VANCOUVER — In Soul Power at the Vancouver Art Gallery, history passes through Jan Wade’s hands transformed like an exhaled breath. Inspired by her foremothers’ recycling of materials, Wade creates altarpieces, shrines, and memory jugs out of found objects.
Wade assigns significance to discarded bric-a-bracs: tiny horseshoes become mementos of Emancipation Day picnics at her local A.M.E. Church; mermaids evoke the Haitian deity Lasirenn, who lead the enslaved back home across the Atlantic; and Scrabble tiles congregate to spell the old brag of the heart, the proud proclamation of survival: “I AM.” Buttons also pervade her assemblages, stacked compactly to suggest the inhuman condition aboard slave ships. Wade calls the buttons “swarms,” echoing but challenging the “swarm of gnats” that Kant uses as a metaphor for infirm principles and an absence of character. She embraces the buttons’ indistinctness and “consent not to be a single being,” in the words of Fred Moten and Édouard Glissant.
Jan Wade, “Memory Jug” (2016), jug, skull, acrylic paint, found objects, Collection of Surrey Art Gallery
Wade defies precious Enlightenment ideals, from which Black people have always been precluded. In “Spirit House”(2021), “HEAL,” “LOVE,” “OK,” “BLACK LIVES MATTER,” and “SOUL POWER” are spelt out on the roof and walls of the sculpture house as mantras, while tears drip down from Aimé Césaire’s quote: “they sold us like beasts, and they counted our teeth.” The installation references praise houses on Southern US plantations where enslaved people gathered after official hours of service to partake in the ring shout. During these orchestras of self-affirmation, energy flowed from one person to another, and participants carried each other’s voices all night long. In the words of Baby Suggs from Toni Morrison’s Beloved, “in this here place, we flesh.” Individualism was annihilated through the ring-shouters’ perpetual extensions toward one another.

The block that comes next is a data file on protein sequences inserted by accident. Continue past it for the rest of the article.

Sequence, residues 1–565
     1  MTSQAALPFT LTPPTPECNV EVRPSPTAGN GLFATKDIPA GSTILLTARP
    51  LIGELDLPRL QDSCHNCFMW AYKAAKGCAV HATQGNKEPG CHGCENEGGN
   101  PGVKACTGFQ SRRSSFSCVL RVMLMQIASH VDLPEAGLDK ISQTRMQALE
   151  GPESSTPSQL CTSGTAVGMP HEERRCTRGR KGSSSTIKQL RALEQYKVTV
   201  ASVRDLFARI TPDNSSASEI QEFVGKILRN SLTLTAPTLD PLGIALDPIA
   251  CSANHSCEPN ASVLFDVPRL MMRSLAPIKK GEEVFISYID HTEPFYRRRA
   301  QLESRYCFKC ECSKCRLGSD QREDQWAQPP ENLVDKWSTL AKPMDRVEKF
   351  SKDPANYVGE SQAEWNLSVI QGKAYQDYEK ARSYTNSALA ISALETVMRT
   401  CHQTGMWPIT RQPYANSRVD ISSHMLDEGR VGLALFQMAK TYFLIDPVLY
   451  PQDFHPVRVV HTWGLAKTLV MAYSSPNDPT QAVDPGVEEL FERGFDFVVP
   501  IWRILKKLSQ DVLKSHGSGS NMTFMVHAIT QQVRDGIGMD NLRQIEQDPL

Jan Wade, “Breathe” (2004-2020) (image courtesy Vancouver Art Gallery, photo by Ian Lefebvre)
The praise house is replicated in a gallery lined by “Breathe” (2004-2020), colorful, handstitched panels that mark the rhythm of Wade’s breath. The embroideries are material confirmations of her right to life, continually undermined by the murder of Black people, from Eric Garner to George Floyd. Wade borrows “Housetop” and “Bricklayer” patterns from the quiltmakers of Gee’s Bend to create an aerial anarchitecture — a sanctuary improvisational as jazz and errant as water.
Jan Wade: Soul Power continues at the Vancouver Art Gallery (750 Hornby Street, Vancouver) through March 13, 2022. The exhibition is curated by Siobhan McCracken Nixon.